- Robert Oppenheimer, in an interview about the Trinity nuclear explosion, first broadcast as part of the television documentary The Decision to Drop the Bomb (1965), produced by Fred Freed, NBC White Paper; Oppenheimer is quoting from the 1944 Vivekananda - Isherwood translation of the Gita. The line is spoken to Arjuna by Krishna, who is revered in Hindu traditions as one of the major incarnations of Vishnu; some assert that the passage would be better translated "I am become Time, the destroyer of worlds."
- In the morning I bathe my intellect in the stupendous and cosmogonal philosophy of the Bhagvat-Geeta, since whose composition years of the gods have elapsed, and in comparison with which our modern world and its literature seem puny and trivial; and I doubt if that philosophy is not to be referred to a previous state of existence, so remote is its sublimity from our conceptions. I lay down the book and go to my well for water, and lo! there I meet the servant of the Bramin, priest of Brahma and Vishnu and Indra, who still sits in his temple on the Ganges reading the Vedas, or dwells at the root of a tree with his crust and water jug. I meet his servant come to draw water for his master, and our buckets as it were grate together in the same well. The pure Walden water is mingled with the sacred water of the Ganges.
- Six commentaries - Adi Sankara, Ramanuja, Sridhara Swami, Madhusudana Sarasvati, Visvanatha Chakravarti and Baladeva Vidyabhusana (Roman transliteration of Sanskrit)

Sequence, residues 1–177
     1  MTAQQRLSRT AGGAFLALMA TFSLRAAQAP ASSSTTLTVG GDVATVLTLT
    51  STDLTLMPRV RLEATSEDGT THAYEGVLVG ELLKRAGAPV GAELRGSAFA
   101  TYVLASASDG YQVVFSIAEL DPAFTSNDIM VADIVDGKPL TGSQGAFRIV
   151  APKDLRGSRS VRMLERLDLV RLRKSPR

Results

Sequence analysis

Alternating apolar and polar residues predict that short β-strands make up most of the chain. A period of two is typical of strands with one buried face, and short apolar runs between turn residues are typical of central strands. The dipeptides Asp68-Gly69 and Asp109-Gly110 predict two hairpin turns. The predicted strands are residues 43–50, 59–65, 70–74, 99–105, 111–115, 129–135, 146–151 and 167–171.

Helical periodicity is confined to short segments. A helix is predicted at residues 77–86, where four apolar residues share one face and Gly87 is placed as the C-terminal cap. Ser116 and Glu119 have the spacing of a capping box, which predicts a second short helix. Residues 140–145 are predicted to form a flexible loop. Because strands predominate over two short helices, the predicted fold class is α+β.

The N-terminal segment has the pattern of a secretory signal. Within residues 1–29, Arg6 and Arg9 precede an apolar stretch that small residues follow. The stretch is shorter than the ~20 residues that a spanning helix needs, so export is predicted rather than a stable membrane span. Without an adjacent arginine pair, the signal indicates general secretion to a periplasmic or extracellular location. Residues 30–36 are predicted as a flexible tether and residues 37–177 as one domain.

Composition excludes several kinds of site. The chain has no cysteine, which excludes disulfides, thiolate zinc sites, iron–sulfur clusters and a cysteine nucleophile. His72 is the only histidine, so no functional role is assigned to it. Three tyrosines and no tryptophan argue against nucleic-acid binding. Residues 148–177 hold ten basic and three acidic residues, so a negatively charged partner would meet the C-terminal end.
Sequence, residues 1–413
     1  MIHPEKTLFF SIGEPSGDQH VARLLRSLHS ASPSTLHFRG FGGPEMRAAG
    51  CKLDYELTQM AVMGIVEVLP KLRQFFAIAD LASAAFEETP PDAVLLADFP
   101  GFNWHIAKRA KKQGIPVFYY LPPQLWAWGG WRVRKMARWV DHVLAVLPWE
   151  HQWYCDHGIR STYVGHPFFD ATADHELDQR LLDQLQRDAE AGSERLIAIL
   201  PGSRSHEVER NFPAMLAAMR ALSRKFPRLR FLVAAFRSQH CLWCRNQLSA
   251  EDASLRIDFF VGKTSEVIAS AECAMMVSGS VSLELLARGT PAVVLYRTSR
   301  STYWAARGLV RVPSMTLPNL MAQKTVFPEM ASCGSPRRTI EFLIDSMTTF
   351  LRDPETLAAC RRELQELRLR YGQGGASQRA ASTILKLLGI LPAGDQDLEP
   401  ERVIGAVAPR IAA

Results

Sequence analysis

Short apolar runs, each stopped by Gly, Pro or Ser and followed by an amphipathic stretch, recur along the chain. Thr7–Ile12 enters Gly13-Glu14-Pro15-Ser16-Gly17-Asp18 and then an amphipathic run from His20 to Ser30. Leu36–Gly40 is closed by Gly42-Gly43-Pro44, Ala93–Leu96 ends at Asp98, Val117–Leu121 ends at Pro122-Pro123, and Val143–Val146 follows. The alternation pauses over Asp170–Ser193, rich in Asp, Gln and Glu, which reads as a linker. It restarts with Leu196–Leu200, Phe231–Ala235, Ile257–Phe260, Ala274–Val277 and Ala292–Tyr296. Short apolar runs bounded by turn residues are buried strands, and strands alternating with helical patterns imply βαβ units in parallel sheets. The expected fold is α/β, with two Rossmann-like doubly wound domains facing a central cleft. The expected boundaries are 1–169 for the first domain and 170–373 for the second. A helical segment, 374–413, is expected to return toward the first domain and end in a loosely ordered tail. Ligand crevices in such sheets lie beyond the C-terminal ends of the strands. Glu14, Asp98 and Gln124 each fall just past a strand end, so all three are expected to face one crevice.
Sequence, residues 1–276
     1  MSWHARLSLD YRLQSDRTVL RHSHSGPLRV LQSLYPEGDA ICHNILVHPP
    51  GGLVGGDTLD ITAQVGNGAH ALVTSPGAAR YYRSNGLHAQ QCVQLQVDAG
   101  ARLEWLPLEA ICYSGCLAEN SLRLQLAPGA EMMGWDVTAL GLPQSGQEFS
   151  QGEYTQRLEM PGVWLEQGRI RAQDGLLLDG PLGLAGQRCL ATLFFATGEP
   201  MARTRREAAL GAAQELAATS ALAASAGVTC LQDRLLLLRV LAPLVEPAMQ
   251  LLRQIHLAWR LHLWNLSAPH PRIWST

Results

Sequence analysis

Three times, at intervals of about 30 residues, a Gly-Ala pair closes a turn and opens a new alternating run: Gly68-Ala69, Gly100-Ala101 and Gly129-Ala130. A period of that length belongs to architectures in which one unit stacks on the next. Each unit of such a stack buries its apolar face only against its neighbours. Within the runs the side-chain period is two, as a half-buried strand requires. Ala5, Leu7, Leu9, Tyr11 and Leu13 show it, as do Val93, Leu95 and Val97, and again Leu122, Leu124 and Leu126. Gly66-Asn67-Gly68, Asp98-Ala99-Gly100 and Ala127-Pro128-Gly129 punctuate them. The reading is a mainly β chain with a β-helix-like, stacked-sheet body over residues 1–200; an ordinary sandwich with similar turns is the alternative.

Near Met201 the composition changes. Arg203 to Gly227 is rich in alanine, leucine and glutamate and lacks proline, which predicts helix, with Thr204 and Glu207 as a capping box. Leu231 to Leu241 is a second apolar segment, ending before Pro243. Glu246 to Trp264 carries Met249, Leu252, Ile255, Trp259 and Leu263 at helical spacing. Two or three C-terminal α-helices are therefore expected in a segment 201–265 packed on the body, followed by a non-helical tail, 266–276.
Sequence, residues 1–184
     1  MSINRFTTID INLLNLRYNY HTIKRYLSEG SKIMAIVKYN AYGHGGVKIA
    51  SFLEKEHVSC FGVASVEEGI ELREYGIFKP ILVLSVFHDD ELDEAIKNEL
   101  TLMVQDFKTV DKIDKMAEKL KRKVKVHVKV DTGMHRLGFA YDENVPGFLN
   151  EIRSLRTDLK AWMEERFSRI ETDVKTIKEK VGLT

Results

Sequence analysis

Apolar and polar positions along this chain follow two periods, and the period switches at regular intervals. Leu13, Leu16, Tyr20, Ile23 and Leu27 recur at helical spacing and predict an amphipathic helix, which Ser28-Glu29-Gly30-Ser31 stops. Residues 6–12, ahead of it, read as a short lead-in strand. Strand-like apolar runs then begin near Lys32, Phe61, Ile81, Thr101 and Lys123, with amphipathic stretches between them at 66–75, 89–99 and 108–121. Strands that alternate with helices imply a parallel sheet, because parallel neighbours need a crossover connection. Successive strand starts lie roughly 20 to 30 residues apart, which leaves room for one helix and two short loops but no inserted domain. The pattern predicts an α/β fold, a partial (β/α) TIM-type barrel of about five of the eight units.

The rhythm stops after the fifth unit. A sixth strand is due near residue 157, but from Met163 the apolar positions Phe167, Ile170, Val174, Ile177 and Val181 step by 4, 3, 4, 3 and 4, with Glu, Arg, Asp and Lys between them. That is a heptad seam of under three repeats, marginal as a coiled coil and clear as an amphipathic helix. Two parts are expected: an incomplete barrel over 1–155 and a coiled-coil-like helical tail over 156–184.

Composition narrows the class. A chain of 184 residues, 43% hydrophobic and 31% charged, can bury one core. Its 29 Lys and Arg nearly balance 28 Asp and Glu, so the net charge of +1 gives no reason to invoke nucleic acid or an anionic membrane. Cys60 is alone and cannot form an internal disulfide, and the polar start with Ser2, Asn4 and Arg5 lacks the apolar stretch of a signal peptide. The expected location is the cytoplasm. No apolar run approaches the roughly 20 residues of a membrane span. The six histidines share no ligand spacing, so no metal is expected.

- Bhagavad Gita introduction lecture by A.C. Bhaktivedanta Swami Prabhupada
- Commentary on the Gita by Swami Nirmalananda Giri
- Bhagavad Gita with Commentaries by Vladimir Antonov
- Spiritual Quotes from Bhagavad Gita
English translations and commentaries
- Sowmya's Gitaaonline Bhagavad Gita verses in Real Audio, various discourses on Gita chapters, Summaries of different chapters and a unique FAQ. Includes Gita Dhyaanam (Invocation)in Real Audio, Downloads of Bhagavad Gita for Busy People and Gita Arati.
-  Audio recitations of the Bhagavad-Gita in MP3 spoken in 15 languages and sung in Sanskrit, plus introductions of the Bhagavad-Gita from the four authorised samparadayas. Also articles on Bhagavad-Gita from the Brahma Madhva Gaudiya Vaisnava Sampradaya disciplic succession.
- Gita Supersite Multilingual Bhagavadgita with translations, classical and contemporary commentaries and much more.
- Bhagavad Gita As It Is by His Divine Grace Sri Srimad A.C. Bhaktivedanta Swami Prabhupada
- Online Bhagavad Gita by His Divine Grace Sri Srimad A.C. Bhaktivedanta Swami Prabhupada
- Srimad Bhagavad-Gita Overview by Jagannath Das 
- Swami Chinmayananda translation and commentary
- Sir Edwin Arnold translation
- Kashinath Trimbak Telang translation
- Swami Nirmalananda Giri translation in metered verse for singing.
- Dr. Ramanand Prasad translation
- Sanderson Beck translation
- Swami Tapasyananda translation
- William Quan translation
- Sowmya's Gitaaonline A sloka a Day, Discourses on Bhagavad Gita, The Essence of Bhagavad Gita, The Gita Way, Sanskrit verses of selected chapters of the Bhagavad Gita, Links to other web sites with Bhagavad Gita Audio.
- Verses in Sanskrit Devnagari, transliteration, word-for-word translations, verse translations and accompanying chants in Realaudio
- Recitation of verses in Sanskrit (downloadable mp3s)
- One little angel
- Devanagri Sanskrit transliterations and Hare Krishna-influenced Sanskrit-to-English translations for all 700 verses
- Gita excerpt from the Mahabharata by Kisari Mohan Ganguly (published between 1883 and 1896), the most comprehensive English translation to date
Eknath Easwaran's poetic translation